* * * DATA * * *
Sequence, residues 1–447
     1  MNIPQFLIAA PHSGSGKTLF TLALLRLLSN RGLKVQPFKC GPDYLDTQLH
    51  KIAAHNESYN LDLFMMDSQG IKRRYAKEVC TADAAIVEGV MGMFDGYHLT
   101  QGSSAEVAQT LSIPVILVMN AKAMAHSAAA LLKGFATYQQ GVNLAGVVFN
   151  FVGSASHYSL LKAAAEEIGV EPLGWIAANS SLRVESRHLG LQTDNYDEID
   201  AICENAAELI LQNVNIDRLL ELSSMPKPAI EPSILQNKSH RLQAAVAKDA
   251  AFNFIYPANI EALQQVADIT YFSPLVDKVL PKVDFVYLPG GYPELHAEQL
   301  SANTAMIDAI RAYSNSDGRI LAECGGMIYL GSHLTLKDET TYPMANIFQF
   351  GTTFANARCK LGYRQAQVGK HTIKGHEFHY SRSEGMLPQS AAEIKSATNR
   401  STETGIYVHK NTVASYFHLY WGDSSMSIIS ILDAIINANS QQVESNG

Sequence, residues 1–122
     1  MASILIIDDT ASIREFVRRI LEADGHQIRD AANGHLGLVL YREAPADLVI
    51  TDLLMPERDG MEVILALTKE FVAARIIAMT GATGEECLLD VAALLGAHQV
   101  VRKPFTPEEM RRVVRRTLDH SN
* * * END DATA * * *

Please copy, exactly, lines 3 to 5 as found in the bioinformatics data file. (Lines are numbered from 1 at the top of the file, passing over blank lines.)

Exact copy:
    51  KIAAHNESYN LDLFMMDSQG IKRRYAKEVC TADAAIVEGV MGMFDGYHLT
   101  QGSSAEVAQT LSIPVILVMN AKAMAHSAAA LLKGFATYQQ GVNLAGVVFN
   151  FVGSASHYSL LKAAAEEIGV EPLGWIAANS SLRVESRHLG LQTDNYDEID